Group education for people with arthritis

Patient Educ Couns. 1996 Apr;27(3):257-67. doi: 10.1016/0738-3991(95)00844-6.


Arthritis is a common chronic disease causing pain and progressive disability to millions of people. The purpose of the study was to examine the effectiveness of group patient education for people with one form of arthritis, ankylosing spondylitis (AS), in terms of change in: arthritis self-efficacy; psychological well-being; physical well-being; and home exercise activities. The Self-Management Course-Ankylosing Spondylitis (SMC-AS) demonstrated positive effects on arthritis self-efficacy and psychological well-being at 6-month follow-up. Analysis of change over time in the intervention group showed improvements in depression, self-efficacy and severity at 3 weeks, with trends towards continued improvement evident at 6 months. In contrast, the positive effects on range and frequency of home exercise activities at 3 weeks were not maintained at 6 months. In conclusion, the effectiveness of short, intensive patient education courses was demonstrated. However, the need for strategies to sustain improvements in exercise behaviour need to be explored.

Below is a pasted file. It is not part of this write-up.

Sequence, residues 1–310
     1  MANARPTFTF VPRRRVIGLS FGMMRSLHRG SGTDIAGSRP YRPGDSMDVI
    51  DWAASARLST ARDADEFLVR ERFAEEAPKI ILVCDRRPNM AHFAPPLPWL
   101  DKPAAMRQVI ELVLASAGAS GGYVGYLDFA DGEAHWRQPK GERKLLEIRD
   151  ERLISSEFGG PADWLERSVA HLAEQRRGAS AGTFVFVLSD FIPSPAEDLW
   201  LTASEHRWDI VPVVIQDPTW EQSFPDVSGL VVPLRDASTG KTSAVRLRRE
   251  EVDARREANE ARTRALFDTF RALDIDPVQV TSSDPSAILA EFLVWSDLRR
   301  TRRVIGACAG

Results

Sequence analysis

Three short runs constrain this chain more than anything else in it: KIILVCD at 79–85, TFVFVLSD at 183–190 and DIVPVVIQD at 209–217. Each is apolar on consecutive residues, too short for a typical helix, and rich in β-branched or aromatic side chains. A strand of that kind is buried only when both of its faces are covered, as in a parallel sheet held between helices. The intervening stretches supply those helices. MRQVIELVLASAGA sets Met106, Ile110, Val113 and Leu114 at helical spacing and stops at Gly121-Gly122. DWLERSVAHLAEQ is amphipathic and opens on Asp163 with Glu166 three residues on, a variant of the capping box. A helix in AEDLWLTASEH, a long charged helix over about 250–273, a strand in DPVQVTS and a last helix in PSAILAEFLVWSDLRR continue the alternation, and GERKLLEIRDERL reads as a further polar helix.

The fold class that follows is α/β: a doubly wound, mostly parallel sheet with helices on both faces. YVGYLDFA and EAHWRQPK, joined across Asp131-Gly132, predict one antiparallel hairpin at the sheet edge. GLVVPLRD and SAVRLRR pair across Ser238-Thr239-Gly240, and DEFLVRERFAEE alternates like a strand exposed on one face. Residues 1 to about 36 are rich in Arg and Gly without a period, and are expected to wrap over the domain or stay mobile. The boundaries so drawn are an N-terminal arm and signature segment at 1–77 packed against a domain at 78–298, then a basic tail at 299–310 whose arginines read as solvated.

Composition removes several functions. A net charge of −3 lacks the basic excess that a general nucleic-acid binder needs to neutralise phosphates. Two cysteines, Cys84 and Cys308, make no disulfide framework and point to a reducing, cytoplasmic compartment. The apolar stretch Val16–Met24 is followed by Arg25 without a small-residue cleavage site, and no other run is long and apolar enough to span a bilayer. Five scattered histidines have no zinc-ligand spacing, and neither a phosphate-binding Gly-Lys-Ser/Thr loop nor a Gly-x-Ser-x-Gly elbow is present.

Publication types

  • Clinical Trial
  • Controlled Clinical Trial
  • Research Support, Non-U.S. Gov't

MeSH terms

  • Adult
  • Curriculum
  • Exercise Therapy
  • Female
  • Health Status
  • Humans
  • Male
  • Mental Health
  • Patient Education as Topic / organization & administration*
  • Program Evaluation
  • Self Care
  • Self-Help Groups / organization & administration*
  • Severity of Illness Index
  • Spondylitis, Ankylosing / prevention & control*